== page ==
Approximately 17 percent of the U.S. population is a family caregiver, and most are losing…
What Does an Executor Do?
If you’ve been asked to serve as an executor of an estate, it will be important for you to understand your responsibilities. It is both an honor to be asked to carry out your family member or friend’s final wishes, but it is also a lot of work.
A useful article appearing on WMUR, “Settling an estate,” explains that an executor is the person designed in an individuals’ will to distribute their property, pay any debts or expenses and make sure that the estate’s tax returns are filed.
When an executor isn’t willing or able to perform his or her duties, there’s usually an alternative. If no alternative has been named, the courts will approve an executor for the estate.
Being the executor of an estate can be a difficult and time-consuming task. In some instances, the deceased may have left a letter of instruction that will make the process easier. The letter may contain information such as a list of documents and their locations, contact info for attorneys, accountants, financial planners, a list of creditors, login information for important web sites and final burial wishes.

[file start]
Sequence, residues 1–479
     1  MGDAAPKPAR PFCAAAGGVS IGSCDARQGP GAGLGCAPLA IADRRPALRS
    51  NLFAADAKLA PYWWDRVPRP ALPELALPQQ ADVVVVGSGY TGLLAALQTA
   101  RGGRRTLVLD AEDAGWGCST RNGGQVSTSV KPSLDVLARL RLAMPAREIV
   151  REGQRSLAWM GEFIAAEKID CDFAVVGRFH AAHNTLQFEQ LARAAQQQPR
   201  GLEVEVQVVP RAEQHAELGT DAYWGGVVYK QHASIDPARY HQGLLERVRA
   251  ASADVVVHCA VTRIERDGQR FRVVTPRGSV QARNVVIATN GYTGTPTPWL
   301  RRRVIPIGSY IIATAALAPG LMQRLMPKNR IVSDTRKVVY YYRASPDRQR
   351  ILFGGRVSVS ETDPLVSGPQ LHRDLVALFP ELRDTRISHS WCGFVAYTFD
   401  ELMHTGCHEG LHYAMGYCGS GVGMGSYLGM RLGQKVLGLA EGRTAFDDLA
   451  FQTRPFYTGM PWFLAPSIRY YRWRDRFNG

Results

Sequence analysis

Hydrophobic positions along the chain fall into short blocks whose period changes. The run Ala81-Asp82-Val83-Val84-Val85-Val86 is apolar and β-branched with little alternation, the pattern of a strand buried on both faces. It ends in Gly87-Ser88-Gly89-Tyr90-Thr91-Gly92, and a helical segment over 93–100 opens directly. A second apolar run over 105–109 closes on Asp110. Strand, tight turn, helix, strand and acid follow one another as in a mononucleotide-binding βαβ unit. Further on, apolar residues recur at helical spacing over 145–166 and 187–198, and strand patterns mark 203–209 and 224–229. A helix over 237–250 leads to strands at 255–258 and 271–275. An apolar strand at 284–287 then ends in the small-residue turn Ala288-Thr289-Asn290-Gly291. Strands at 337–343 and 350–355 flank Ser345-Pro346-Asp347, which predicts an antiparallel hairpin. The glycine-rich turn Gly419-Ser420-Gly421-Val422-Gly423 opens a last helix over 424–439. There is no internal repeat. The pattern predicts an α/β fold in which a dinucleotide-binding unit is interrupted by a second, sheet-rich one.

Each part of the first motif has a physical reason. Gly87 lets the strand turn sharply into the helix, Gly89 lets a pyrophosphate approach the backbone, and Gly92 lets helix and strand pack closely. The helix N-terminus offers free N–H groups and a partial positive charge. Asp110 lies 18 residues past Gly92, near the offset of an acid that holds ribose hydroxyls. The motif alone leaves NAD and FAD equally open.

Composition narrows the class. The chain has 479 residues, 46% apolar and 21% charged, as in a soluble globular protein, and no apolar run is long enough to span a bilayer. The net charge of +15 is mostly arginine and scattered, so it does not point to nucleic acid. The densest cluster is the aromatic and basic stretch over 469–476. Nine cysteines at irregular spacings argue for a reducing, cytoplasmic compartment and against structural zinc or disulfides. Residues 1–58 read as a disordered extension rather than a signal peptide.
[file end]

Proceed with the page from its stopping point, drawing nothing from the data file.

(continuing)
The will is usually located with these documents. The executor will need to obtain a copy, and read and understand the contents. A review of the will with an estate planning attorney is done in order to decide which type of probate is necessary. An inventory of assets owned by the deceased is then taken by the executor and may be required by the probate court. Some of the assets may need to be appraised. After probate is finished, the assets may be sold or gifted, according to the deceased’s wishes.
Asset protection is a major concern at this time. It may include changing locks on property. The executor will likely need to pay mortgages, utility bills and maintenance costs on property. He or she will need to change the name on the home and auto insurance policies, and brokerage accounts will need to be retitled.
Final expenses also need to be paid. The funeral home or coroner will provide death certificates that will be needed for various tasks in the future, such as filing life insurance claims. If the deceased was collecting Social Security for example, the agency will need to know of the death, so benefit checks can be stopped. Checks received after the death will need to be returned. A final federal and state tax return for the deceased may also need to be filed, along with an estate and gift tax return.
The executor is responsible for the management and distribution of assets (known as the “fiduciary duty”), while dealing with the emotions of a grieving family. To ensure that the executor’s tasks are completed properly, it may be helpful to enlisting the advice and guidance of an experienced estate planning attorney.
Reference: WMUR (May 24, 2018) “Settling an estate”